Beating Breukink will be uphill climb for Americans

May 13, 1991|By Sandra McKee | Sandra McKee,Evening Sun Staff

ARLINGTON, Va. -- Greg LeMond got people excited yesterday with an early breakaway and fellow American Greg Oravetz kept them excited by becoming the overall race leader after three stages. But there is little doubt both LeMond and Oravetz are watching PDM rider Erik Breukink with trepidation.

Breukink is evidently the man to beat over the next seven days. He is in top condition. He is just three seconds out of first, riding for the No. 1 team in the world. And he is considered the strongest climber, heading into the grueling mountain stages that begin tomorrow through the Blue Ridge range.

"I'm feeling a lot better than I ever thought I would," said LeMond, who is 2 minutes, 30 seconds behind Oravetz. "I'm still in this race. It's too early yet to tell if I have a chance at winning. But I feel good. Now, when it comes to me and Erik in the mountains, I don't know if I can stay with him. We'll have to wait and see."

As for Oravetz, who finished second to Helvetia's Rolf Aldag in a sprint to the finish yesterday, he admits up front that his time in the yellow jersey is probably limited.

"The real racing is in the hills," said the 24-year-old from Huntington Beach, Calif. "I am not the strongest climber on our team."

Today, Stage 4 will see the Tour Du Pont riders cover an 87-mile road course between Fredericksburg and Richmond, before competing in a 35-mile criterium (closed course race) through Richmond's downtown streets tonight.

But no matter what the future holds, the Tour Du Pont, which bills itself as America's Greatest Cycling Event, is, for the moment at least, exactly that.

LeMond's early breakaway earned him the Most Aggressive Rider award for the afternoon, and Oravetz is the first American to hold the overall lead beyond the prologue in the three-year history of the race.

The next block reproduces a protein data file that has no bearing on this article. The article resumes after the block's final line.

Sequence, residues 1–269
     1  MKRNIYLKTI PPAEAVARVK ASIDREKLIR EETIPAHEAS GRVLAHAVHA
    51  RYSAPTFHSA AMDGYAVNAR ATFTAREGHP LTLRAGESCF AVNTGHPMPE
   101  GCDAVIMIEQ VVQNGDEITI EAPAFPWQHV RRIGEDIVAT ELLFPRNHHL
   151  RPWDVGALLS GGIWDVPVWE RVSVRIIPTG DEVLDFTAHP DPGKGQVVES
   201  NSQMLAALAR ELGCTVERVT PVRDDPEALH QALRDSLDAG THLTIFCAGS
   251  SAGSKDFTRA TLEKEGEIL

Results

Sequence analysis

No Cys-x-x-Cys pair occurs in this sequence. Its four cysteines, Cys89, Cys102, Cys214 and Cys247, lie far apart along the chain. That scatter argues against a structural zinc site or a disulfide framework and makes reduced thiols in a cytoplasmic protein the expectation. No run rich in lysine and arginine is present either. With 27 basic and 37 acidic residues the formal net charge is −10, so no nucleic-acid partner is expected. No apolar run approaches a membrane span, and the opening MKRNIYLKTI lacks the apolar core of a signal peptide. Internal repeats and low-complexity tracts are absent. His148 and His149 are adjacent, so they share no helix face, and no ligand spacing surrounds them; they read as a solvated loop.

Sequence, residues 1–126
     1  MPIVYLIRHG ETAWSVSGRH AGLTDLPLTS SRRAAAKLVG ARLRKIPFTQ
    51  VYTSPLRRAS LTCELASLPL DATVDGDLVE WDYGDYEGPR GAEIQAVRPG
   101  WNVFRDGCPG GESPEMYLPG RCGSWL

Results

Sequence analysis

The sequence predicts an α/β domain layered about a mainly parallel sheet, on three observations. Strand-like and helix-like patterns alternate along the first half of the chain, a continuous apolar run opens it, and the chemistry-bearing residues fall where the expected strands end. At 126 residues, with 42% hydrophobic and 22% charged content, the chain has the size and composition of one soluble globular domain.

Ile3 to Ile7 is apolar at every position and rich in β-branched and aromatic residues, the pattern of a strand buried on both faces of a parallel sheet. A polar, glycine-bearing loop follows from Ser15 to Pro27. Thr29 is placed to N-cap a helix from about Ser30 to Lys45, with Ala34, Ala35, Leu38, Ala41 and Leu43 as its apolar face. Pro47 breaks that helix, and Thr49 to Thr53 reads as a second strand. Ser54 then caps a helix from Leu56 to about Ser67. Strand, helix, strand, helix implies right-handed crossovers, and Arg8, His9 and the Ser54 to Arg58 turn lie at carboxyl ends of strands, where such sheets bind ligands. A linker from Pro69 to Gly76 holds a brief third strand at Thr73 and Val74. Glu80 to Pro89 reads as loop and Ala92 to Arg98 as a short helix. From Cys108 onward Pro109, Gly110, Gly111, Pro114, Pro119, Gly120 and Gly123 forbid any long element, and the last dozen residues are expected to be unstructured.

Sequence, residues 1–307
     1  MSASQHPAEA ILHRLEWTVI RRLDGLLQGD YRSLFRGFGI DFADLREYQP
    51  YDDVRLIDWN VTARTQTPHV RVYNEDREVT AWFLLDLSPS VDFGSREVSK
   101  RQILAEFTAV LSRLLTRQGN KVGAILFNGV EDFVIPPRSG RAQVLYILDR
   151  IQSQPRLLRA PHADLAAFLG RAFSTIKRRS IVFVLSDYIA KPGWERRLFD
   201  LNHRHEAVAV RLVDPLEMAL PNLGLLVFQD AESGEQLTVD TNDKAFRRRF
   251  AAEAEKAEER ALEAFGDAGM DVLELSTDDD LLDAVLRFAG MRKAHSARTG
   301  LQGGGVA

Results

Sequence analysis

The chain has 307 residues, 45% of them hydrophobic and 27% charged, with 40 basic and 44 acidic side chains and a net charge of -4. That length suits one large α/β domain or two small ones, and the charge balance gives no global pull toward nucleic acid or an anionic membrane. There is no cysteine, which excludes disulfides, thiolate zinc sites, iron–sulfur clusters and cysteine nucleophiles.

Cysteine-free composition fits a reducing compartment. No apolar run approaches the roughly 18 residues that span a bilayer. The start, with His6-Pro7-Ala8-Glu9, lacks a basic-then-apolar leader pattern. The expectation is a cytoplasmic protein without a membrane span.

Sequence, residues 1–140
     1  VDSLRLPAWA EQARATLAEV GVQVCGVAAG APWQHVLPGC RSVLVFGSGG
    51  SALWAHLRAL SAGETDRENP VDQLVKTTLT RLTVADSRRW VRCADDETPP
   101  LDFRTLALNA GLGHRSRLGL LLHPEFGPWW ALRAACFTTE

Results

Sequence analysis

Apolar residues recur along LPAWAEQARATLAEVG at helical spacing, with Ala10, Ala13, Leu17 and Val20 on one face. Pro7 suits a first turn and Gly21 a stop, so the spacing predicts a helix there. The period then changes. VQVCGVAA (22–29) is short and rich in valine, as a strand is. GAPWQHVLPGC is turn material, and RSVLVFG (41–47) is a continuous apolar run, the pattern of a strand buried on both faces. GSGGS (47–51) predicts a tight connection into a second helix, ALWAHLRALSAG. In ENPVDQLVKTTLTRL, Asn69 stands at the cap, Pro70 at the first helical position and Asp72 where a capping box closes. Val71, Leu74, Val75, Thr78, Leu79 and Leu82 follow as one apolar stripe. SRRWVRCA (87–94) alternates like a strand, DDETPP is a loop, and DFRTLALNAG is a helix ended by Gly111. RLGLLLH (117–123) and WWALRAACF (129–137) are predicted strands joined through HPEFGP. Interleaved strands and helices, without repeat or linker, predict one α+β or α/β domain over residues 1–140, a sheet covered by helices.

"Is it true? Are you sure it's true?" said Oravetz, still on his bike, still sweating after the finish. "I'm very happy. I was so excited on the course, when I realized I had a chance to win, I blew it really. I jumped to the front with 350 meters to go. I thought I was closer than I was and yet I thought I had it -- until two feet from the finish Rolf came around me twice as fast as I was going."

This is America's race and yesterday the 45,000 spectators lining the 7.2-mile road circuit that snaked its way around the Iwo Jima Memorial and Arlington National Cemetery saw a purely American-style race.

"This is what we do," said Coors Light team director Len Pettyjohn. "We make attack after attack after attack, all day long. The Europeans aren't used to it. It wasn't their kind of race and for them, it got out of hand."

A day earlier in Columbia, Patrick Roelandt broke away from the field 102 miles into the 130-mile road race from Newark, Del. It was the first time Roelandt, who rides for Tonton-Tapis, had ever won a stage in a professional race and the victory gave the little Belgian the leader's yellow jersey.

But Roelandt, smiling broadly as he set out to defend the lead yesterday, could not hold on. From the time LeMond made the first breakaway, it became apparent the Americans were on the move. Seven of them finished in the lead pack.

"You never know exactly why someone goes to the front early," said Pettyjohn. "But in Greg's case I think there were two reasons. One he wanted to make the PDM team work harder [in an effort to wear it down before the mountains] and two, I think he looked around the pack, saw everyone just lazing around and felt embarrassed. I think he felt a responsibility to the big crowd that was out there and he wanted to heat up the action."

LeMond does indeed seem ready to heat up the action. He said he still is riding for his teammate Atle Kvalsvall, who is in the best physical condition on the Z team. But he added, "As long as I continue to feel this good, I'll compete. If I'm capable, I'll try to win. I don't know any other way of racing.

"So far," LeMond continued, "I've shown I can be strong on the flats. When the grade gets to 15 percent, it will take a lower body fat. But, who knows, maybe I'll peak. I've certainly tried harder than I ever have to be in shape for this race."

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